Building a full pipeline is hard work, so many salespeople tend to stop prospecting once they think they have enough business. That’s a more dangerous habit than most salespeople realize—at least until they pay the price. They get too confident that their largest client will be with them forever, that nothing bad will happen in their market, and that simply growing their existing accounts will let them coast to their targets. But what happens when that client moves on—what other opportunities will replace their income?
Essentially, you can choose to prospect from a place of strength or weakness. It is far more difficult to prospect when you are under duress and desperate for a deal. You’re much better off prospecting from a place of strength, in conditions where you’re successfully selling and growing your existing book of business.
From Strength to Weakness
After building a book of business with three very large clients, I was doing everything right: taking care of them, visiting them every day, and collecting my commissions. Things were going well for both me and my clients. One day, I took a call from one of the three. My contact informed me that they were moving their business to another state. I was stunned: I talked to these people every day, and they had never even hinted about a move. Overall, though, I wasn't worried about losing the client, as the other two were still faithfully paying their invoices.
A few months later, the larger of my remaining two giant clients—a governmental entity—made a political change that would eliminate me and my company from working with them. Again, no one suggested that the change was even being considered, and it was always business as usual when I met with my contacts. Suddenly, my solid base of three massive accounts had dwindled to one, and I was not okay.
Don’t Put a Lid on Your Prospecting
It's easy to get comfortable and to stop working hard, and not just when it comes to prospecting. When you’re done making the money you believe you need, the comfort you feel informs you that you have reached your lid—the income you want to live the life you want to live. Occasionally, you will see a very good salesperson, one perched high on the stacked ranking, reach their goal by the end of July and coast the rest of the year, spending time playing golf, watching tennis, or restoring their Mustang Fastback.
Most people let up once they reach their lid, while others decide the lid has been set too low and keep going, setting a new goal or target for themselves. The first group jettisons prospecting not long after they bump their lid, creating a dangerous and stressful situation. When you can keep busy taking care of your existing clients, it’s all too easy to tell yourself that you need not prospect, and even that doing so would take time away from your existing clients.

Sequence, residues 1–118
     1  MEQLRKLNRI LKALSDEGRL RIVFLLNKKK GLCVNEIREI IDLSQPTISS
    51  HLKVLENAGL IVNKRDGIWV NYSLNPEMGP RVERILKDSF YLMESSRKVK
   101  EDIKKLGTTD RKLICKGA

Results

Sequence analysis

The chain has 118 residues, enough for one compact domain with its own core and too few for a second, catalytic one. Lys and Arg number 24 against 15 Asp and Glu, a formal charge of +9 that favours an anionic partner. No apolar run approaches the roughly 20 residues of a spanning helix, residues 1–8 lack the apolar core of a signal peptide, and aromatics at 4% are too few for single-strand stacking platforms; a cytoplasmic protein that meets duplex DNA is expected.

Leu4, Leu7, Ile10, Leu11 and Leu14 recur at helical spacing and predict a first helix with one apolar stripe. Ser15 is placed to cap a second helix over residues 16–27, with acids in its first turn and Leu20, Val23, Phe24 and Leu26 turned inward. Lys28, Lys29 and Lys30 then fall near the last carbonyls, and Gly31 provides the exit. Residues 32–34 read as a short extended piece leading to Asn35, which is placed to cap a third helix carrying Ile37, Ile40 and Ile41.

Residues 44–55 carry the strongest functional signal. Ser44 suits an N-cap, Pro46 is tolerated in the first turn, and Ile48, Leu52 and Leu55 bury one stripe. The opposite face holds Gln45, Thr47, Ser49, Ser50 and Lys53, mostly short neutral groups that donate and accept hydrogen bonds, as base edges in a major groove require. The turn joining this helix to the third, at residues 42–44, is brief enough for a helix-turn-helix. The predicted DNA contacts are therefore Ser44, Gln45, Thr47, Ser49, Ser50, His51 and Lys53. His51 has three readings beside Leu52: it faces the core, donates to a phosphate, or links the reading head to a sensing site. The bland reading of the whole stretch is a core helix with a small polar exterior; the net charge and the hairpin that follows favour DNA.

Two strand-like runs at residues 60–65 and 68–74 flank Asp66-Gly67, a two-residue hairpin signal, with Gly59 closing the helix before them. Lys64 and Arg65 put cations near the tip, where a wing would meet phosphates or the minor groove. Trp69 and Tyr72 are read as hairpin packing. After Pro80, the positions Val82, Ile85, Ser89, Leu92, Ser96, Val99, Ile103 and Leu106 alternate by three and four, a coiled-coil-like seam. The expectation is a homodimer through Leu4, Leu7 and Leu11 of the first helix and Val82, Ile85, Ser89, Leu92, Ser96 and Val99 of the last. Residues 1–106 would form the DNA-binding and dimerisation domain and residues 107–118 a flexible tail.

No one lies to you more often than you do, especially the sweet lies you desperately want to believe are true.
Sustaining Success in Sales
I was baptized in fire after losing my two largest clients, getting religion about the true nature of sales. That experience changed my mind about how to sustain success in sales. For the first time, I recognized just how much the element of time dominates sales success. It had taken me no time at all to win my last remaining large client, but it had taken me years to win the two I lost in the same quarter, something I hadn't considered. But I was young, and like most young people I did not yet appreciate the need to plant in the spring and harvest in Fall. Some part of me, I think, still saw time in middle school terms: each second is an eternity when you’re sitting in class, but summer break zooms by like a rocket.
When you are successful, no one tells you that you need to do more, let alone that you should assume that everything will hit the fan. Instead, they praise you for your excellent results. What kind of a killjoy tells you to go back to grinding out the cold outreach when you are succeeding and exceeding your goals? Easy: the person who understands that you are at risk, and that you have to dig your well before you get thirsty.
Prospecting from a Place of Strength
When you succeed, you can prospect from a place of strength. You already have clients, you are reaching your goals, and you’re collecting your commissions. When you prospect from this position, you make calls with a high level of confidence. And why wouldn't you be confident? Your approach is working, with the clients to prove it, and you have no urgent need to win a deal today. That confidence increases your likelihood of acquiring a new meeting. You sound like a person capable of helping your contact improve their results.
Prospecting from a Place of Weakness
Unfortunately, the opposite is also true. I don’t know if there’s a scientific explanation for it, but I do know that prospective clients can almost smell the desperation in your meeting request. Somehow, when you prospect from a place of weakness, you project a mental state that you need this deal more than your client does—which is often enough for them to reject your request. Perhaps it’s not scientific at all: perhaps the Gods of Prospecting are punishing you for having avoided the work of prospecting.
Every day, you must decide whether to prospect from a place of strength or a place of weakness. You are always better served by doing what needs to be done today, even if that means hedging your bets so you can succeed tomorrow. After all, a single phone call could sink your largest commission—or even two-thirds of your safest clients.